Shabwa is a strategically positioned governorate in central south Yemen, bordering the governorates of Hadramawt, Abyan, Marib and Al-Bayda. Rich in oil, Shabwa produced almost 10 million barrels of oil in 2011.[5] Its 280-kilometer coastline on the Arabian sea supports a thriving artisanal fishery, while several important economic facilities line the coast, such as the Al-Nashmiah Port, through which oil from Shabwa and Marib is exported, and the Balhaf facility, through which gas from Marib is exported, as well as the Qana Historical Port and various fishing sites. 

Shabwa’s location and resources have made it a strategic concern for the warring parties during the conflict. For example, forces loyal to the internationally recognized Yemeni government positioned in Marib must pass through Shabwa to reach Abyan, Aden and Hadramawt. Financial support from the central government to Shabwa ceased in 2015, however with the exception of salary payments. Local authorities have since tried to cover this deficit by funding some services from oil revenue in the governorate. Despite these efforts, basic services in Shabwa are insufficient, in part due to the lack of funds and support from the central government. In the field of education, for example, the construction of new schools and educational facilities and the recruitment of new teachers have been suspended since 2011 following the Yemeni uprising and ensuing political crisis. In the 2019/2020 school year, there were nearly 195,000 students in Shabwa but just 609 schools and 5,220 teachers — a ratio of one teacher per 37 students.[6] Yemen’s relatively high birth rate[7] means the number of students entering the education system each year is outpacing the number graduating out, leading to constantly increasing overall numbers. Some 20,000 students entered first grade in the past academic year, a figure that includes children of the more than 4,250 displaced families who have arrived in Shabwa.[8] Meanwhile in the healthcare sector, no new facilities have been built during the war. There are currently 2,419 healthcare employees in Shabwa; the workforce has not grown since 2012, despite increased demand.[9]

Wartime Challenges 

Local authorities in Shabwa have faced a range of challenges during the war, relating to security, administration, finances and oil production. An overview of these challenges is presented below:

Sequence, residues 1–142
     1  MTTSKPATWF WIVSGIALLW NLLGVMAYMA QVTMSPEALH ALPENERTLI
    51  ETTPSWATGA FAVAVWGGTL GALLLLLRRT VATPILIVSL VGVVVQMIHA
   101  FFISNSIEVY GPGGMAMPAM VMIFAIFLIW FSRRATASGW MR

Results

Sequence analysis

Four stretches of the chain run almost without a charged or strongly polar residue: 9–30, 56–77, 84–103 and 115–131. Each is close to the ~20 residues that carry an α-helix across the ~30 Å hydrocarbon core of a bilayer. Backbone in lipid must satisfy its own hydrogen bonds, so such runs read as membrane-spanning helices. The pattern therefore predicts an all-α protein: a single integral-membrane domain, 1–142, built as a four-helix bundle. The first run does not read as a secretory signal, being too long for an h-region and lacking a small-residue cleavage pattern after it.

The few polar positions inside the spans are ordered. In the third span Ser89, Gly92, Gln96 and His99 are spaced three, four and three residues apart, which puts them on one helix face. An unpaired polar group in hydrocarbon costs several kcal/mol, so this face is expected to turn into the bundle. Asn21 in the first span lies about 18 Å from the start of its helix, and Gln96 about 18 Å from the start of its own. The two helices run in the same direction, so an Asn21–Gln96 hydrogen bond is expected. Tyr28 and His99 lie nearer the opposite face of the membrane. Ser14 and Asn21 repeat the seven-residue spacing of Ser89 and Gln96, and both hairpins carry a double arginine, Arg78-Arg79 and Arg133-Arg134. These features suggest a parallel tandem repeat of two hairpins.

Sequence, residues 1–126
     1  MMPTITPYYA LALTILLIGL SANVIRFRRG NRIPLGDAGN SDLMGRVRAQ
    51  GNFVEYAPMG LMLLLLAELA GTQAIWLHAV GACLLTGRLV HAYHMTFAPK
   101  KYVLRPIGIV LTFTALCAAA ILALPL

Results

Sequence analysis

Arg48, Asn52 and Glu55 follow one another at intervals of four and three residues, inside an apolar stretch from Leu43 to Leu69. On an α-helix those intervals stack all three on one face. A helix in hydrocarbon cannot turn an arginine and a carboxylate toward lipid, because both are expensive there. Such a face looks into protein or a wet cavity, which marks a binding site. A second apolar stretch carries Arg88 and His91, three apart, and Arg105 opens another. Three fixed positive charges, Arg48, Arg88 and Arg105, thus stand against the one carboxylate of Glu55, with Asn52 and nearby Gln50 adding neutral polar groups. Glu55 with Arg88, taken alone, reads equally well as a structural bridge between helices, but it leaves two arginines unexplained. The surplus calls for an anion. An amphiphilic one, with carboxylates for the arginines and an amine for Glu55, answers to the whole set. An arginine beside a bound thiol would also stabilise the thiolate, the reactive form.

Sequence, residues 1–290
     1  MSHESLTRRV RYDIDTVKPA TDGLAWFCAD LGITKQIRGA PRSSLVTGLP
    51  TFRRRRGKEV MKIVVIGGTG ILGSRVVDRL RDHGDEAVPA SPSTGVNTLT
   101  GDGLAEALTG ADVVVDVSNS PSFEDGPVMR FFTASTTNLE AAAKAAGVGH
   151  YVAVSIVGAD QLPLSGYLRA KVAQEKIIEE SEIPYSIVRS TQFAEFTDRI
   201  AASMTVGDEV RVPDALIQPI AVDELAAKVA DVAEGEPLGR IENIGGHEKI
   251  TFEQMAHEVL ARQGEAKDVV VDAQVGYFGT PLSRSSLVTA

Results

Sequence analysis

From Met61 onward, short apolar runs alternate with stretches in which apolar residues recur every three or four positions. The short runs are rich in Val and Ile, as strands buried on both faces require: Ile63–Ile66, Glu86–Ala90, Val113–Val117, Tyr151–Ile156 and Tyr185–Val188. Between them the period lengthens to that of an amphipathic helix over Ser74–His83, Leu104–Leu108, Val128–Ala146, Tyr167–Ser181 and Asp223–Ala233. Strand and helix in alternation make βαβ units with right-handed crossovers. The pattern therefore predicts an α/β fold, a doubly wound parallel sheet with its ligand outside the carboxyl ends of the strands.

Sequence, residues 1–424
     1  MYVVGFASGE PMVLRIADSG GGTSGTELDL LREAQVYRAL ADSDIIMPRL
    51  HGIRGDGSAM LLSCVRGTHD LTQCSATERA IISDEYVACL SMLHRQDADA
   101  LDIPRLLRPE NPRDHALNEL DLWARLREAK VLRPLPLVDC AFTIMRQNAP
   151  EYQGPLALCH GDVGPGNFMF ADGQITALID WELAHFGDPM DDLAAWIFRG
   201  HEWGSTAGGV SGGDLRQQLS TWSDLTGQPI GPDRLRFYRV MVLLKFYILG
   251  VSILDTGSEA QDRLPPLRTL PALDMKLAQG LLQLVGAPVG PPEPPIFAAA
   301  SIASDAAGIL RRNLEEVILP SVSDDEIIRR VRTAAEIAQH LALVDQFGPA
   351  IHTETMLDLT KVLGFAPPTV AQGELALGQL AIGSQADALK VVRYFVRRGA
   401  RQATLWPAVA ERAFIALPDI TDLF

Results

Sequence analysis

Political and Security Challenges 

Multiple political, military and security forces are present in Shabwa, including the internationally recognized Yemeni government and its associated political parties, and various southern entities such as the Southern Transitional Council (STC) and the Hirak movement. Conflicts between these parties — primarily between the Yemeni government and STC-allied forces — have affected the work of the local authorities and hindered their ability to provide services. Military and security groups present in Shabwa include the Yemeni army, military police, General Security Forces, Special Security Forces, Shabwa Elite Forces, the Southern Resistance, among others. There is a general lack of coordination between these entities and frequent clashes. 

Shabwa is a tribal area, and tribal conflicts and vendettas have disrupted service provision in the governorate since long before the conflict. Tribal disputes have delayed local projects for more than 10 years in some cases, often due to disputes over land. For example, tribes near Al-Rawdah city prevented a sanitation project to treat wastewater for use in agricultural irrigation because they objected to the placement of drains. Due to this, untreated sewage remains a problem in the city. Tribal disputes have also disrupted local services. 

The issue has been compounded during the conflict by problems in the judiciary: amid weak rule of law and slow judicial processes, small disputes have escalated into major confrontations, leading to the intervention of tribes. Shortages in judicial staff in Shabwa have led to long delays in court hearings and resolutions of cases. There are 15 courts in Shabwa with only one judge appointed for every three courts, in violation of judicial regulations which state that there must be at least one judge in every court.[10] Under the regime of President Ali Abdullah Saleh, the number of southern students graduating from the Higher Institute of the Judiciary was disproportionately low, in what has been viewed as part of a deliberate policy to reduce the influence and capacity of the south.[11] Prior to 2011, most judges in southern courts were from northern Yemen; during the war, judges from the north have refused appointments in southern governorates.